Copyright and the Internet
The internet is a powerful tool for businesses and individuals for finding out information, be it for research or informative purposes. However, many are unaware of the implications of copyright infringement when it comes to the internet and this briefing is a reminder of what copyright is and when an infringement may occur.
What is Copyright?
Copyright protects original artistic, musical, dramatic and literary works (including computer programs), sound recordings, films, broadcasts and typographical arrangements of published works.
It arises automatically on the creation of the work and lasts for 70 years after the death of the author for artistic, musical, dramatic and literary works. Sound recordings and broadcasts are protected for 50 years from the date of publication. On 1 November 2013, the period of copyright protection for sound recordings increased to 70 years.
Copyright does not protect against independent development of the same idea(s), only against the actual copying of another’s work.
Ownership of copyright will allow the owner to prevent unauthorised use of the work, such as the making of copies; or issuing copies to the public.
The materials on the internet are there for everyone to use for free… aren’t they?
The internet is full of useful poems for that all important card for a loved one, photographs and images which are much better than you could produce yourself and provides access to a great deal of music and videos ideal for use on your website or in a presentation to your customers.
It is all too easy to make copies of materials that are found on the internet. BUT, these poems, images, videos or audio clips have been created and are owned by someone.
If you copy other businesses or people’s material from the internet without permission, you are infringing the owner’s copyright. The owner of the copyright material may decide to enforce their rights against you and you could be taken to court, fined and have to pay compensation to the copyright owner if you are found to have infringed their rights.
How to Avoid Copyright Infringement
1. Be Creative
If you create your own original works then you will not infringe the rights of any third party. Make sure you keep details of the creative process in developing the works so if any third party should claim copyright infringement or if you want to take action against another party you have full details as to when you created the work.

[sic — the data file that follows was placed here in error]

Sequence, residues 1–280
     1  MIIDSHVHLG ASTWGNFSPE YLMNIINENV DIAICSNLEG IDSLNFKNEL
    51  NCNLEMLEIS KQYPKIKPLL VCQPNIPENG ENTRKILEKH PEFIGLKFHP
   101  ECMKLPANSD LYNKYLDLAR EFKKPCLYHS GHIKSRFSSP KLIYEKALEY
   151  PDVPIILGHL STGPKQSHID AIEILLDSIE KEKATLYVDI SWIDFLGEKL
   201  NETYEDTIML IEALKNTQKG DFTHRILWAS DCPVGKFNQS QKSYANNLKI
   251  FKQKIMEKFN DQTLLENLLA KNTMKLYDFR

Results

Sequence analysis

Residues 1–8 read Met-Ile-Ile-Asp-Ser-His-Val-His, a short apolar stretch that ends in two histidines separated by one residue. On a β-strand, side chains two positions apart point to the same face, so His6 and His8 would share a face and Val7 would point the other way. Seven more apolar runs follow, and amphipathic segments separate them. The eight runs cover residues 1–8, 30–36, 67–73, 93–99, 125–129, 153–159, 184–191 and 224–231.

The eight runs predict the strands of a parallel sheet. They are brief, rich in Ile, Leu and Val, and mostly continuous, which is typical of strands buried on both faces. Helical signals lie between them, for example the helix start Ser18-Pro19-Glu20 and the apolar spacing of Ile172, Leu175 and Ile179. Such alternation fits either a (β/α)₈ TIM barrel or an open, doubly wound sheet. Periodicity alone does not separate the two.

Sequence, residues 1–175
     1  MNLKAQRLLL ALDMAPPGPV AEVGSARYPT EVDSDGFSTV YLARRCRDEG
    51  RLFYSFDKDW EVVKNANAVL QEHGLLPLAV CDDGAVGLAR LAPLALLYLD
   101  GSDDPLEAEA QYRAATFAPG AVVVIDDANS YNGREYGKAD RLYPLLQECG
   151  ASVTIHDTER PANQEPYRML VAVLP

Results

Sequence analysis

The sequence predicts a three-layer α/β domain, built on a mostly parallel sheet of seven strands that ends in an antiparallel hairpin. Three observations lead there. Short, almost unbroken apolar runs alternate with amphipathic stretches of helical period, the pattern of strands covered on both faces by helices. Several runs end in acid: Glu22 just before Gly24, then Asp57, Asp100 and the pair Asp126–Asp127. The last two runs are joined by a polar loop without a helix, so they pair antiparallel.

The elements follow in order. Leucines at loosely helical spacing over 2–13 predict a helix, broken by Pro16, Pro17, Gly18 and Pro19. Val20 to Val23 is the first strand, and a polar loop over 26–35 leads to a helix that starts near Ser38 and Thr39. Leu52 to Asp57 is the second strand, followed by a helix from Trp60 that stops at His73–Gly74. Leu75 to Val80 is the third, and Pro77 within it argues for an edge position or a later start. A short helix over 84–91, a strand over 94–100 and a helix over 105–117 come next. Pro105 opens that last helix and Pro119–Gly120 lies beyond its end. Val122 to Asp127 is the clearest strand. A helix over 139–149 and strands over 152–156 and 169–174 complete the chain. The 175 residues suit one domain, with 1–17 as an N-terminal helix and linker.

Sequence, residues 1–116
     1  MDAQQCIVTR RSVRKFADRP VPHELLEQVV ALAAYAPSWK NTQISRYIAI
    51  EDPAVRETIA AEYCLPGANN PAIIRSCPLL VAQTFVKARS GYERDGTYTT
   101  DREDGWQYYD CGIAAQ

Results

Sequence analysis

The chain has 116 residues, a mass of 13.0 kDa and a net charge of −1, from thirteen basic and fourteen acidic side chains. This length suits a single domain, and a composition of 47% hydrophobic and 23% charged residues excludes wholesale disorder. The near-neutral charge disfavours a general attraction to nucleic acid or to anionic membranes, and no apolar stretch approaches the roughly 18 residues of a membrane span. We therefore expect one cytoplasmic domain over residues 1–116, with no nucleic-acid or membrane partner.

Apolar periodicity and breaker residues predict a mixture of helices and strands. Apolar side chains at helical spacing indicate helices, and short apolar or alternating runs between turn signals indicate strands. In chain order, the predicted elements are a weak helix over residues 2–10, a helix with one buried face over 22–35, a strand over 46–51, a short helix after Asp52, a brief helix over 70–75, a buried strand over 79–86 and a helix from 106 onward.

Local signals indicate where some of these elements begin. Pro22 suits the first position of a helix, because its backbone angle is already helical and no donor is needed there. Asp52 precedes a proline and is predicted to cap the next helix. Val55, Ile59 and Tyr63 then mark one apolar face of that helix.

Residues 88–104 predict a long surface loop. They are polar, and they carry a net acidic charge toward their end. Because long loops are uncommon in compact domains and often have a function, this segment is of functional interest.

2. Be wary of simply tweaking the image or article
Copyright Infringement will arise if a substantial part of the work has been copied. This isn’t clear cut and a “substantial part” is not defined by copyright law. The courts have interpreted this to mean a qualitatively significant part of a work even where this is not a large part of the work. It is therefore likely that even a small portion of a work if copied would amount to a substantial part.
3. Don’t copy from the internet
4. Know your rights
There are certain exceptions when you can use a copyright work without infringing the rights of the owner of the work which include:
Non-commercial research and private study
You are permitted to copy limited extracts of works created by a third party when the use is for non-commercial research or private study. The exception will only apply when it is ‘fair dealing’ and copying the whole work would not generally be considered fair dealing.
Criticism, review and reporting current events Fair dealing for criticism, review or quotation is allowed for any type of copyright work. Fair dealing with a work for the purpose of reporting current events is allowed for any type of copyright work other than a photograph. In each of these cases, a sufficient acknowledgment will be required.
Personal copying for private use
You are permitted to make copies of CDs, ebooks etc. that you have bought, for private purposes such as format shifting or backup without infringing copyright. This exemption would allow you to copy the music on a CD to your MP3 player provided that the music is only used for your own personal circumstances. The exception does not extend however to making copies for your family and friends.
How do I protect my copyright on my website?
1. Copyright Notices
It is advisable although it is not a requirement to use the international copyright mark to make users of your website aware of your rights in the website for example on each page of your website you should use the © followed by the year and your business name, such as © 2015 Coffin Mew
2. Express Statements
3. Digital Protection
There are a number of technical protection measures that you can put in place to protect the materials on your website which include:
- Encryption – You can encrypt your website or certain parts of the site which can only be seen by those individuals to whom you have provided the decoding key. This isn’t that practical for most websites but may be suitable if you are looking to protect certain elements of the site.
- Password Protection – Similar to encryption but a simpler process where you only allow access to the site or certain elements of the site if the user has registered with you.
- Watermarking – this generally relates to the protection of images where you incorporate a digital watermark on your photos by embedding a copyright notice in the pixels of the image . The watermark cannot be seen whilst it is present on your website but if the image is copied and used elsewhere the watermark will become evident by the copying party.
Unfortunately none of these measures are fail safe especially in today’s society where hackers are able to disrupt the day to day business of Sony Pictures, the French TV network TV5Monde and even the likes of NASA and the Pentagon.
For more information please contact Amy Kerr, Associate, Commercial Services.